Let's get started...
The GDB configuration file is located in the user's home directory:
When GDB starts, it sources this file -- if it exists -- meaning that it evaluates all the commands in the file, which can be any of the available CLI commands. At a basic level, this file can be used for simple configuration commands, such as selecting the default assembler format desired or changing the default input/output radix display style.
But GDB offers more: it can also read a macro-coding language that allows more powerful customizations.
This language follows the following format:
define _command_ _code_ end document _command_ _help text_ end
Commands defined like this are known as user commands. You can use and combine any standard GDB CLI commands in your user-defined macros.
The document section is important, since it is used by GDB to produce the output for the help command when associated with user-defined commands.
The GDB language also offers you a set of flow-control instructions and allows parameters. However, parameter manipulation is limited, because GDB only offers the following variables:
$argc $arg0 $arg1 $arg2 ...
However, note that GDB does not provide an array such as $argv.
GDB provides the "survival kit" for any language, meaning:
- The set statement
- The if control structure for conditions
- The while control structure for loops
The Set Statement
You can assign the result of an expression to an environment variable with set, for example:
set $VAR = 0 set $byte = *(unsigned char *)$arg0
The If Statement
if _expression_ _statements_ else _statements_ end
The While Statement
while _expression_ _statements_ end
During the execution of a command file or a user-defined command, normal GDB output is suppressed; the only output that appears is what is explicitly printed by the commands in the definition.
GDB provides three commands for generating any desired output:
This command prints _text_ including any nonprintable character escaped in a C-style string. No newline is printed unless you specify one using the `\n' character. You can also use escape sequences to output colors for a color terminal. For example, `\033[01;31' prints the following characters in red, whereas `\033[0m' resets the colored output to default.
This prints the value of _expression_ and nothing but that value (no newline, no `$nn = ').
printf _string_, _expressions_...
This prints the values of the _expressions_ under control of the format string _string_. The _expressions_ may be either numbers or pointers.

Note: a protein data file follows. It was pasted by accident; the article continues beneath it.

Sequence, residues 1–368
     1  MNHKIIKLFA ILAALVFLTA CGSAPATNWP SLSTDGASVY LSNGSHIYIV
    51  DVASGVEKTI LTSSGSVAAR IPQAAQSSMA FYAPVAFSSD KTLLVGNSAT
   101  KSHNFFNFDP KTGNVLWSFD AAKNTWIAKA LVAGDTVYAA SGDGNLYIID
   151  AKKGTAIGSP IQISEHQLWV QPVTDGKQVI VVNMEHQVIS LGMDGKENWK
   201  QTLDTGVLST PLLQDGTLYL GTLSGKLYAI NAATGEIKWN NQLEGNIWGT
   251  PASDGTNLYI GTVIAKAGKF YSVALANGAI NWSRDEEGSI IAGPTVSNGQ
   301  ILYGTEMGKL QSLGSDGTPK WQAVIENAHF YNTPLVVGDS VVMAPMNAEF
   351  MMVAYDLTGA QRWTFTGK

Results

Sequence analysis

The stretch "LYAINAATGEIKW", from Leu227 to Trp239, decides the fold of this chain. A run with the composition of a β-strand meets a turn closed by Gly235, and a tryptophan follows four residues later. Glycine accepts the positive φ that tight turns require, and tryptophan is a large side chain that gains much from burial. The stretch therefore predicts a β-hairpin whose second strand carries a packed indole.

For example, you can print two values in hex like this:
printf "foo, bar-foo = 0x%x, 0x%x\n", foo, bar-foo
Invoking the Shell
You can invoke a shell through the GDB command shell. If it exists, GDB uses the $SHELL environment variable to determine which shell to run. Otherwise it uses the default shell (`/bin/sh' on Unix systems, `COMMAND.COM' on MS-DOS, etc.).
Let's say that you compile your project using a Makefile and the make program. You may then want to use the GDB shell command to run make. GDB generally provides you with a make command of its own that executes the make program. For GNAT Pro Ada users though, the build program is gprbuild, which doesn't natively exist in GDB. However, you can define a command that will invoke it, for example:
define gprbuild if $argc == 0 shell gprbuild end if $argc == 1 shell gprbuild $arg0 end if $argc > 1 help gprbuild end end document gprbuild Run the gprbuild program, optionally specifying the project name as parameter. Usage: gprbuild [project_name] end
Radix Display Style
GDB allows you to change the default radix display style -- for both input and output -- allowing the following formats: octal, decimal, and hexadecimal.
You can always enter numbers in octal, decimal, or hexadecimal in GDB by the usual conventions: octal numbers begin with `0', decimal numbers end with `.', and hexadecimal numbers begin with `0x'.
However, numbers that begin with none of these are, by default, entered in base 10.
The radix commands are the following:
set input-radix _base_ set output-radix _base_
Caution: base must itself be specified either unambiguously or using the current default radix.
Therefore, you can select the hexadecimal style by default through the following commands:
set input-radix 0x10 set output-radix 0x10
Changing the prompt look is also possible, and similar to changing your shell prompt. The following example makes your gdb prompt `gdb$' display in red:
set prompt \033[01;31mgdb$ \033[0m
Preventing GDB from Pausing during Long Output
You might have already experienced that when GDB needs to print more lines than your terminal height can display, it pauses each time the console is full. To prevent that and make GDB display all information at once, use the following settings:
set height 0 set width 0
Changing the Assembler Code Format
GDB supports different kinds of instruction set formats when disassembling a program via the disassemble or x/i commands.
You can set GDB to use either intel or att format. However, this command is only defined for the Intel x86 family:
set disassembly-flavor intel set disassembly-flavor att
The default instruction set is att (the AT&T flavor used by default by Unix assemblers for x86-based targets).
By default, GDB is cautious, and asks what sometimes seem to be a lot of questions to confirm certain commands. If you are willing to unflinchingly face the consequences of your own commands, you can disable this "feature":
set confirm off
For a full list of GDB capabilities, see the GDB manual.
In a future Gem we will provide examples of GDB's more sophisticated scripting capabilities.